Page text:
Conjoined baby bats stun Brazilian scientists (PHOTOS)
This is only the third time the phenomenon has been reported in scientific literature – earlier records of conjoined pairs were published in 1969 and 2015.
The twin male conjoined bats were already dead when they were found in a Brazilian forest in 2001 and donated to the Laboratory of Mastozoology at the Rural Federal University of Rio de Janeiro.
Marcelo Rodrigues Nogueira, who led the study of the mammals, explained his shock at the find to Live Science, saying: "I have handled many bats, some with very impressive morphological characters, but none as surprising as these twins."
The ‘Siamese’ bats are ‘dicephalic parapagus conjoined twins,’ meaning they are connected side-by-side along their trunks.
The animals had separate heads and necks, but X-rays revealed their spines eventually converged.Ultrasound images showed the bats also had separate but similarly sized hearts.
The placenta was still attached to the pair, leading researchers to surmise they were either stillborn or died at birth. Based on their physical characteristics the scientists determined they were most likely ‘Artibeus’ bats.
The total breadth of the twins, including wingspan, measures about 13cm.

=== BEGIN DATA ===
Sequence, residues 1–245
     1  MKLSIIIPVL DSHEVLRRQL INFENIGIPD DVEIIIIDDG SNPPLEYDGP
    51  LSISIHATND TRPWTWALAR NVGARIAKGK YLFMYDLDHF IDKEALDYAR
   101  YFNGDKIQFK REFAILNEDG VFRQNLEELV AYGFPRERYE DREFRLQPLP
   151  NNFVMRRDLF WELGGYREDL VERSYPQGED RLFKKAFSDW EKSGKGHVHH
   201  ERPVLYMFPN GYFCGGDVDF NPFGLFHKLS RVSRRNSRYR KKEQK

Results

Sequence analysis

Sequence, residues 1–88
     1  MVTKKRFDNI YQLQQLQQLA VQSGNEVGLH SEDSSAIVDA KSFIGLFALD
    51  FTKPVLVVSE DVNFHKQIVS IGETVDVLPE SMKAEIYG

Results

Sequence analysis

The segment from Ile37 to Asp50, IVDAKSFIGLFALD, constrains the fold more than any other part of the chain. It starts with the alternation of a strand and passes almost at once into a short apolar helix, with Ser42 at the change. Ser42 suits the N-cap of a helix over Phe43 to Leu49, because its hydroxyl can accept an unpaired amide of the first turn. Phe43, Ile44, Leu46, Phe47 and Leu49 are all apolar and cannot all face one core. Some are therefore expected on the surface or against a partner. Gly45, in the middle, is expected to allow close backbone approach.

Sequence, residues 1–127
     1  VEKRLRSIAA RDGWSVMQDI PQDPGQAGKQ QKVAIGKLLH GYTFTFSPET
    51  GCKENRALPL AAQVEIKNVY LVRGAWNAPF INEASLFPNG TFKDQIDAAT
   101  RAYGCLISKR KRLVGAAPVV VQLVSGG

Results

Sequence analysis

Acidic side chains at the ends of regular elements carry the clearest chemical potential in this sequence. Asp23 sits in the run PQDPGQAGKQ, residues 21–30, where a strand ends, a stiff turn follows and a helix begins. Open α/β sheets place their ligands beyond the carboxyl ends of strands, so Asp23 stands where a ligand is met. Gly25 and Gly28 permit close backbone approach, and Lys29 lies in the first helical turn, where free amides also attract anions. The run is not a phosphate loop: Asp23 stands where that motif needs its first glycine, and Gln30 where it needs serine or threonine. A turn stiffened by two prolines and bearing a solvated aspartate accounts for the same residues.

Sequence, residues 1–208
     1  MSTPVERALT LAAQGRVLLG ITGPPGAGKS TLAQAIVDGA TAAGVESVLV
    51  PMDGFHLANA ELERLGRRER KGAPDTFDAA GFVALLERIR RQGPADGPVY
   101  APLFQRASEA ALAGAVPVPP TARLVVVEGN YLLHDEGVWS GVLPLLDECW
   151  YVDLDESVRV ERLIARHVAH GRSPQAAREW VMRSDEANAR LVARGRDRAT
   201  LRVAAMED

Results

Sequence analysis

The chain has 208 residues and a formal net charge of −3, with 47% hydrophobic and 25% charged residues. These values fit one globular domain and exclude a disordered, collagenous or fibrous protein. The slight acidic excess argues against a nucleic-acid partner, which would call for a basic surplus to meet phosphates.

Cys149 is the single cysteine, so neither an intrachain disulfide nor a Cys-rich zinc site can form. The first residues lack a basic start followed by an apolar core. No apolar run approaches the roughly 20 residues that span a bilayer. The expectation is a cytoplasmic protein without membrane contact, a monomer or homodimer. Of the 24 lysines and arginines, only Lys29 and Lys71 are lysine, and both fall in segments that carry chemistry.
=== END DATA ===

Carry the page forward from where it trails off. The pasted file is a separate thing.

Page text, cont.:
While incidences of conjoined twins are well-studied in humans, it is rarely reported in wild animals.
The prevalence among humans varies depending on location, ranging from 1 in 2,800 in India to 1 in 200,000 in the US, while survival rates range between 5 percent and 25 percent, according to the University of Maryland Medical Center. This rate is believed to be lower in the animal world.
Bats are one of the lowest-reproducing animals in the world, typically only having one pup per litter. Therefore twins, conjoined or otherwise, are particularly rare in the species.
The team researching the conjoined bats is now confident that their study will add to greater understanding of patterns and processes behind the phenomenon.
“It is our hope that cases like this will encourage more studies on bat embryology, an open and fascinating field of research that can largely benefit from material already available in scientific collections,” Nogueira told National Geographic.